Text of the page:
But... why not? Fifty bucks? They had already given me something worth more than $50: their goodwill and friendship. I pulled the knife out of my pocket, and opened it up. I could see they were impressed. Sasha picked it up, and took a look at it, while Sasha watched from one corner, and from the other corner, Sasha looked on. This was the original Sasha, the one who sat by the pretty woman.
He nodded very slowly, very approvingly, with a serious, scrutinizing look upon his face. "I take it," he said.
He sat back down by the woman and they consulted among themselves a bit. Then, he pulled a folding knife out of his own pocket. It had about a 3.5 inch blade, along with a saw blade, made out of what, compared to the buck knife, was cheap, soft, steel. The handle appeared to be some type of imitation bone or antler, and had been hand carved. The blade had been honed and rehoned many times and when I tested it later, was quite sharp.
"Good knife," he said. "Saw," he pulled out the little saw, motioning back and forth. "Good."
I took it.
What could I trade next? "Coins," someone said. Of course. I reached into my pocket, and pulled out all the change I had, which included about three quarters, some nickels, a couple of dimes and a few pennies. I held my hand out flat. They all crowded around. Sasha took a quarter, as did Sasha, while Sasha carefully picked up a nickel, looked at it intently, shook his head in approval, and pocketed it.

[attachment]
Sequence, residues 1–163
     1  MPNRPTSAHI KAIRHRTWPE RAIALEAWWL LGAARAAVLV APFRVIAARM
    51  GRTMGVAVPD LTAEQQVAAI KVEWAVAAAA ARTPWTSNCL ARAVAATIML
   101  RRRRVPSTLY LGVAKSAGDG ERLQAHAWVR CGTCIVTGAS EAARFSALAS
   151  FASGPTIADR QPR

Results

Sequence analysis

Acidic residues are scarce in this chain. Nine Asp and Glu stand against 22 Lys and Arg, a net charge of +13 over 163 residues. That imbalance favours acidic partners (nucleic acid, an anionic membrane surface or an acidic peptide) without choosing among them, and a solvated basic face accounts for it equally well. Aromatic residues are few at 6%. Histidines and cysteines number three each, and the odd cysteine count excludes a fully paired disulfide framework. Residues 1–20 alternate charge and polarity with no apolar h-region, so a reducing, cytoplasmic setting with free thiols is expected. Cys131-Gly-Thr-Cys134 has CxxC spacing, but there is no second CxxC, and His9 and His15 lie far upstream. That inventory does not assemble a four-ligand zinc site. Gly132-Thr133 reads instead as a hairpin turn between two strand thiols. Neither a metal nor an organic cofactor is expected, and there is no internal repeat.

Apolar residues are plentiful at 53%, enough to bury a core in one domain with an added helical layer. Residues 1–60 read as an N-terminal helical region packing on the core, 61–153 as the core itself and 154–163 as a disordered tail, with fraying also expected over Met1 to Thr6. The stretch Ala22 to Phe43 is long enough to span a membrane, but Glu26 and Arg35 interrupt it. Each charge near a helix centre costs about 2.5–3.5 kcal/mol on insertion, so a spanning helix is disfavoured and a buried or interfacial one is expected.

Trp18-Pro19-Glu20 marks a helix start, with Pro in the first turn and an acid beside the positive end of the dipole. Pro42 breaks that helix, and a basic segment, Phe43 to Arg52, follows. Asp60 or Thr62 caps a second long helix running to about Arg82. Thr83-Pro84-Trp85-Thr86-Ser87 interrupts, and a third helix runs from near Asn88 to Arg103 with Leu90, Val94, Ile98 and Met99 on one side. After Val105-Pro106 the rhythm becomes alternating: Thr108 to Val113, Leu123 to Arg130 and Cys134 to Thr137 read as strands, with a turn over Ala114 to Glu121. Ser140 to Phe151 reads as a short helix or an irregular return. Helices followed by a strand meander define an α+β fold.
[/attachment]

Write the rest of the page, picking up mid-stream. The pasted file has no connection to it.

The non-Sasha's took the rest. In return, everybody handed me coins of different denominations. One gave me a pin, which he managed to let me know symbolized their mission in the Arctic. That reminded me that I had picked up a couple of pins a couple days before at the search and rescue hangar, and had put them in the pocket of my black jacket.
I retreived the jacket, found only one pin, and gave it to him. One fellow looked forlorn, left out. He hadn't done very good on the coin exhange, and had received nothing else. I retreived my new camera case that I had paid to have flown up from Anchorage to replace the one I put into the ocean through the long whale hole. I dug out a roll of T-Max 3200, still in the Kodak box, and handed it to him. He beamed.
It seemed I was now out of trade goods. I stood there, thinking about it. I still had on my Arctic pants, but they were loose and opened up, exposing my Levi's and belt below. Sasha, the leader, noticed the Levi's and the belt buckle. It was a brass buckle, with a bidarka (kayak-like Unangan boat) on it, a man paddling and the words, "Ounalashka Corporation, Unalaska, Alaska."
It was a gift to me from Vincent Tutiakoff, the president of the Ounalashka Native village corporation. He had presented it to me inside his home in Unalaska. I loved the buckle. It was my favorite of all time - but what the hell. I reached down and started to unsnap it from my belt. "No!" Sasha screamed thrusting his palms out and down in protest. "No!" I kept going. "No! No!" a couple of others joined in the chorus.
The woman looked startled, but curious to see what would happen next. Then I pulled the buckle free from my belt and held it up. A sigh of relief fell over the entire room. Sasha looked the buckle over and fingered it with obvious admiration. He pointed out the Unangan paddler to his mates. "I take it," he said.
Then he disapeared and came back with a belt, with many holes, made to fit many sizes of men, including some very, very big men. He wanted me to have that belt, and he mine. I realized then that the buckle would not attach to any of the Russian belts.